Last week we revealed the news that Malaga midfielder Ignacio Camacho visited Melwood, potentially to discuss a move to Merseyside.
Any fans of La Liga will know a lot about the Spaniard, but for those who don’t watch much Spanish football, he is unlikely to be a familiar name.
Therefore, we decided to help you find out more about him by speaking to European Football Writer Karl Matchett.
Tell us a bit about Ignacio Camacho as a player, what are the main strengths of his game?
The biggest strengths of Camacho are his ability to cover the entirety of midfield in a physical capacity, and the fact he’s such a non-conformist to the world of Spanish midfielders in that he can actually show aggression and make a challenge. Lots of them, actually.
He loves to go toe-to-toe with the opposition, aerially or on the ground, come out with the ball and either surge forward a few metres before passing or else look to spread play diagonally quickly. Of course, part of this is Malaga’s tactics (attacking flanks rather than centrally) rather than his own abilities, as his passing can be very mixed in terms of reliability, but he is certainly a player with a winning and positive mentality.
He is quite good at sitting deep to break up play in front of the defence, but his biggest asset is in playing the centre of the park and closing down and challenging before allowing a quick counter from higher upfield. He can tends to make the odd surge forward into the penalty box, usually to quite good effect as it’s so unexpected.
How much do you think it’d cost for Liverpool to take him from Malaga?
Not a huge amount, Malaga don’t deal in big incoming transfers anymore. As a guide, Last year’s midfield quartet was Samuel Garcia, Camacho, Sergi Darder and Samu Castillejo. Three of them have gone and it’s fair to say Camacho remained in place largely because he was injured rather than because he was unwanted. Lyon paid around €12 million for Darder, Villarreal paid a combined €14 million for the two Samus, so there’s a rough price guide as to what they find acceptable.
Could you see Camacho playing well in a Jurgen Klopp team, presumably at the base of a midfield three?
Camacho has parts to his game which would be translatable to a typical Klopp set-up, but also differences. He certainly has the physical capacity to, say, be a more dynamic option as a destructive force than Lucas is, but his passing as mentioned can be a little haphazard—he’s not Xabi Alonso in disguise, so nobody should be expecting him to pull out Gundogan-esque surging dribbles over 40 yards or Sahin-type balls from deep between the lines.
He is a proactive player, he will win back the ball with great frequency and he can contribute to a faster style of play overall, but I’d imagine he’d be selected for certain matches rather than a guaranteed starter as one of two central midfielders. Which, I should add, is perfectly fine. Malaga always play a 4-4-2 variation, so he plays as part of a double pivot rather than alone at the base of three in the centre.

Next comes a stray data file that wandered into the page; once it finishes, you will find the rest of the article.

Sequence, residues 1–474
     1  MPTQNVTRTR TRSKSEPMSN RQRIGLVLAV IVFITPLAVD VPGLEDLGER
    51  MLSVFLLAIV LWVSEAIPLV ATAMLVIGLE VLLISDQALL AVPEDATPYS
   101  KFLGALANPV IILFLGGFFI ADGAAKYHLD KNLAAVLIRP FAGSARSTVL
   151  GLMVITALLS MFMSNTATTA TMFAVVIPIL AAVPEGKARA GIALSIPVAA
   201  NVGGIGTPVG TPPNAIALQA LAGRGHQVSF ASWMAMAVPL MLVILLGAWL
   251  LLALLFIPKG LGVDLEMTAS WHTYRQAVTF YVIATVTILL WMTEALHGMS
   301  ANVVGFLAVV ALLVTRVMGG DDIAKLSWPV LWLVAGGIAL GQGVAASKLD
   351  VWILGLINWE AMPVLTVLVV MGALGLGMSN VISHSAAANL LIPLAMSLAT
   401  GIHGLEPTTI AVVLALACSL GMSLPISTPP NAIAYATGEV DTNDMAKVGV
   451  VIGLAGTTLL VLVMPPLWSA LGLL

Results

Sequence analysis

Camacho has been out a long time with various injuries, and had hip surgery in 2015. Is there a feeling in Spain that he’s finally over any injury worries?
There haven’t really been too many seasons where Camacho has played out the entire campaign injury-free, but it’s usually more to do with his style of play rather than anything inherent in his physical weaknesses. Surgery was suspected to be needed to get to the bottom of his ongoing problems last year and he has been straight back into the team and has played every minute in La Liga since coming off the treatment table. Impact injuries are a fact of his position and could strike at any moment, but there’s no ongoing worry about his muscle structure, soft tissue, lack of stamina etc.
He has one cap for Spain, and that came in an international friendly in 2014, if he stays fit, is there a way back into the national team for him considering the strength in depth that Spain have?
Camacho isn’t hugely likely to play a big part for Spain simply because of the existence of Sergio Busquets, who can do everything and more that you’d want from a holding midfielder in a team which uses the ball well. Camacho, along with former Red Miki San Jose and one or two others, are on the fringes of the squad as more pure defensive options.
They’ll be called up for the odd game when Vicente del Bosque might want more cover, but they aren’t long-term options to grow into the squad, just players to serve a role at a particular time.
A new Spain boss after the Euros could change a lot obviously, but factoring in younger potential holding midfielders including Saul Ñiguez, it’s not probable that there will be enough evolution to Camacho’s game to suddenly make him a big part of the Spain squad. Which, considering there is also the likes of Koke, Javi Martinez, Bruno Soriano, Gabi, Dani Parejo, Illarra and many others who don’t hold down a regular spot, isn’t exactly a terrible indictment of Camacho’s abilities!